The final possible reference is Heb 10:25, a very famous text. We are to exhort one another as we assemble together in church, “and so much the more as you see the Day approaching” (emphasis added). This strikes me as being highly likely to be a direct reference to the Bema. While it could be general reference to the Lord’s return, the reason for urgency is the imminent return of Christ brings with it our judgment at the Bema. I have not included it with the other references only because I wished to reserve those for references where the context made it crystal
clear that the Bema was in view.
More work needs to be done on this vital topic. This would be a great topic for a thesis or a dissertation. In the meantime, whenever you see the day of the Lord Jesus, the day of Jesus Christ, the day of Christ, or the day of the Lord Jesus Christ, realize that the Bema is specifically in view. Whenever you see that Day, think Bema. Whenever you see the day, realize that the Bema might be in view. At least consider it is a possibility.
The single most important day in any of our lives is the day we believed in the Lord Jesus for everlasting life. The very next most important day for us in all of human history will be that Day, the Day of the Lord Jesus, the Bema. That Day will determine how fully we will serve and glorify the Lord Jesus forever. What we do for the rest of our lives until that Day is vital to our eternal experience.
Live each day now in light of that Day. The Doctrine of the Day is a key proof that grace theology is not in any way a license to sin and waste one‟ s present life.
1See, for example, Charles Ellicott, St. Paul’s First Epistle to the Corinthians (Minneapolis: The James Family Christian Publishers, 1887, reprint edition, n.d.), 10.
2Leon Morris, 1 Corinthians: Tyndale New Testament Commentary Series (Grand Rapids: Eerdmans, 1985), 38.
3Emphasis added. The majority of NT manuscripts include Jesus here. However, the Critical Text, from which we get translations like the NASB and the NIV, exclude it. In my opinion this is another example of where the Majority Text makes a big difference in interpretation over the Critical Text.
4Archibald Robertson and Alfred Plummer, First Epistle of St. Paul to the Corinthians, Second Edition (Edinburgh: T & T Clark, 1978), 99-100.
5By this he clearly means kingdom entrance, escaping eternal condemnation, and all that attends such salvation.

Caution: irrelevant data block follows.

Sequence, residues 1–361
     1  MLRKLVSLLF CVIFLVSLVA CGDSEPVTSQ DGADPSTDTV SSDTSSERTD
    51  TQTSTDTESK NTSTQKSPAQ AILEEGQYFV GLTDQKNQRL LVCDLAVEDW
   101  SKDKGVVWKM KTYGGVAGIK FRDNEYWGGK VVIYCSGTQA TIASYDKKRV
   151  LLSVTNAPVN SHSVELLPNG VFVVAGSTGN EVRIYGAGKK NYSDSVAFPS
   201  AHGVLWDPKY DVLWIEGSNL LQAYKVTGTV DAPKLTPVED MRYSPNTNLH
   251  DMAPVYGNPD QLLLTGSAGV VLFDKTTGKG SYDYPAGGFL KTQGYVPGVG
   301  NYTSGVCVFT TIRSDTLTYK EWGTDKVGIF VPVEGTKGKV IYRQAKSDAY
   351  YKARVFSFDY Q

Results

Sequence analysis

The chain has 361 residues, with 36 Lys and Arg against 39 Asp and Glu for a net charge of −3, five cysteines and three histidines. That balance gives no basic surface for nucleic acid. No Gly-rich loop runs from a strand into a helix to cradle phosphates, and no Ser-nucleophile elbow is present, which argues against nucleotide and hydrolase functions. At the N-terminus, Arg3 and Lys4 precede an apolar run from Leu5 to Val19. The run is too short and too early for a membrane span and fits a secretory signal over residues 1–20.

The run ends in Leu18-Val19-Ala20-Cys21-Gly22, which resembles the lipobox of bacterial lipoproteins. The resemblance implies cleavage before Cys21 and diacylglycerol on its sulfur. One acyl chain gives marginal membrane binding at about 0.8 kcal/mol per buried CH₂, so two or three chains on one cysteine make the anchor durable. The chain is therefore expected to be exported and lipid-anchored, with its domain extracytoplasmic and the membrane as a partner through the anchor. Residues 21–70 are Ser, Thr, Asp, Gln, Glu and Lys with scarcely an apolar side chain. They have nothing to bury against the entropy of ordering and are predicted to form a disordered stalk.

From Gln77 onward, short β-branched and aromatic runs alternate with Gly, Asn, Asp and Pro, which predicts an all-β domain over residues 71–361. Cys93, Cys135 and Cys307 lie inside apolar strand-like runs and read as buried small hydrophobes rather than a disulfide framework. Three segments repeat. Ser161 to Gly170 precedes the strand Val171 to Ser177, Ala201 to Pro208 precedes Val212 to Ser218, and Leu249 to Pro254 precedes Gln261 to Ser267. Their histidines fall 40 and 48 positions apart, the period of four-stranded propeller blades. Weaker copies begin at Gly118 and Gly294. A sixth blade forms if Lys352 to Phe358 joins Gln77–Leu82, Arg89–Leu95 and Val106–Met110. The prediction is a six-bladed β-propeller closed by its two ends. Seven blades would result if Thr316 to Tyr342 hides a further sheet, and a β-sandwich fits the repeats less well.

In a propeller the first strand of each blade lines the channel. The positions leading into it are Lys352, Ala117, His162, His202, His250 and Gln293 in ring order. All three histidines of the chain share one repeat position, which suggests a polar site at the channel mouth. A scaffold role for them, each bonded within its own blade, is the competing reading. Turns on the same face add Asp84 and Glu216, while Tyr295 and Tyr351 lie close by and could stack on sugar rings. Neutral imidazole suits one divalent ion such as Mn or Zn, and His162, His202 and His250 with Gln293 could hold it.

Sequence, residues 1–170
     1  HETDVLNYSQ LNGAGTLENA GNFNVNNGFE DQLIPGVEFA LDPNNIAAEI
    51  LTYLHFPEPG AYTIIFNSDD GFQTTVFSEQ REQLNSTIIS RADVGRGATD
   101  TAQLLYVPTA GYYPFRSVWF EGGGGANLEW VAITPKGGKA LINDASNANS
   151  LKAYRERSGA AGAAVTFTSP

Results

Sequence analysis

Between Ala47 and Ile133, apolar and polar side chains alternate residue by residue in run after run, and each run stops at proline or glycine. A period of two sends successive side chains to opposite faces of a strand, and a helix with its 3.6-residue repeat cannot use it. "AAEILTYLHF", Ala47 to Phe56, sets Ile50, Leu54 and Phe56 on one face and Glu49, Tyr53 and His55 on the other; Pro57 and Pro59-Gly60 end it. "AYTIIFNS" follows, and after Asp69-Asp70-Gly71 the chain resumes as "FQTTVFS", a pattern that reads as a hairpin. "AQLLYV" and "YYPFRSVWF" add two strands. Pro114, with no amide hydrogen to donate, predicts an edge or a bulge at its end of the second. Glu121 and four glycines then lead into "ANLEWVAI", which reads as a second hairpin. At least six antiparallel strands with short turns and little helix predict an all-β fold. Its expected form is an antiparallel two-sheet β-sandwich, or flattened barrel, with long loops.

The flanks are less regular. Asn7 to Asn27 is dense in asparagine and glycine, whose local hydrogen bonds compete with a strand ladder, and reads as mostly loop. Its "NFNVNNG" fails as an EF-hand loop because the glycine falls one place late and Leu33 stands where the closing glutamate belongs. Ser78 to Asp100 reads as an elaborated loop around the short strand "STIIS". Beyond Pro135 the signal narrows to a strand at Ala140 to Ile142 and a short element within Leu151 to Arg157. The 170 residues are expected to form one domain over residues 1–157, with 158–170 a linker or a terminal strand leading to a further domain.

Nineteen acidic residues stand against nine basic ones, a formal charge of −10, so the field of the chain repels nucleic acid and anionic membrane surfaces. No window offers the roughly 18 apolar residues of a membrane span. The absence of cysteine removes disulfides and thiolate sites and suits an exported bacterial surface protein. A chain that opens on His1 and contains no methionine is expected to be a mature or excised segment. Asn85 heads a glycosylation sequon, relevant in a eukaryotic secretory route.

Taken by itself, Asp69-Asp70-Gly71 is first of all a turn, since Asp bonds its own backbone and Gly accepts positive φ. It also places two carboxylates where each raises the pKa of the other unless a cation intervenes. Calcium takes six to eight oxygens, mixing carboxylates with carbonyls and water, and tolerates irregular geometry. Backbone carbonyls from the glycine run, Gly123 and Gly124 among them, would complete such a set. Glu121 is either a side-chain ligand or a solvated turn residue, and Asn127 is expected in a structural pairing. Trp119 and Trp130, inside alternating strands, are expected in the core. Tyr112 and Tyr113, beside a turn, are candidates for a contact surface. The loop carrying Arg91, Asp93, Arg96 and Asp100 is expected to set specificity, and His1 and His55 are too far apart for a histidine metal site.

6Note that Morris is commenting on the Critical Text reading and this is having an impact on his interpretation as well.
7Final judgment is a term many commentators use to refer to a general judgment in which all people of all time, believers and unbelievers, will be judged to determine their eternal destiny. Typically people who use this expression to not distinguish between the Judgment Seat of Christ and the Great White Throne Judgment. Of course, the Lord Himself indicated that the believer “shall not come into judgment” concerning his eternal destiny (John 5:24). And a careful reading of Rev 20:11-15 shows that even that judgment is not for the purpose of determining the eternal destiny of the lost. The purpose of that judgment is two-fold: to determine the degree of suffering unbelievers will experience forever based on an evaluation of their works (as found in the books, plural), and to announce who will be cast into the lake of fire (anyone whose name is not found written in the book of life).
8Morris, 1 Corinthians, 86, italics his.
9Note that Paul says that “some sleep.” When used figuratively in the NT, sleep (koimaomai) refers exclusively to the death of believers (cf. Matt 27:52; John 11:11-12; Acts 7:60; 13:36; 1 Cor 7:39; 11:30; 15:6, 18, 20, 51; 1 Thess 4:13-15; and 2 Pet 3:4). It never is used to refer to the death of an unbeliever.
10The verb to save (sózein) is often used in the NT to refer to health. See, for example, Matt 9:21-22; Luke 8:36; Acts 4:9; 14:9; Jas 5:15. Paul is clearly not speaking of the health of the body here, but of the health of the spirit (see also 1 Cor 3:15 and 15:2).
11Colin Kruse, 2 Corinthians: Tyndale New Testament Commentary Series (Grand Rapids: Eerdmans, 1987), 14. See also, for example, Charles Hodge, An Exposition of the Second Epistle to the Corinthians (Grand Rapids: Baker, 1859, reprinted in 1980), 15-16.
rinted in 1980), 15-16.
12For an additional example beside John MacArthur, see Ralph P. Martin, Philippians: Tyndale New Testament Commentary Series (Grand Rapids: Eerdmans, 1987), 62-64. Martin sees “the good work” as including the financial participation of the Philippians in Paul‟s ministry, but ultimately including their perseverance in good works of all types until they go to be with the Lord. He is extremely vague as to what “the day of Jesus Christ” refers.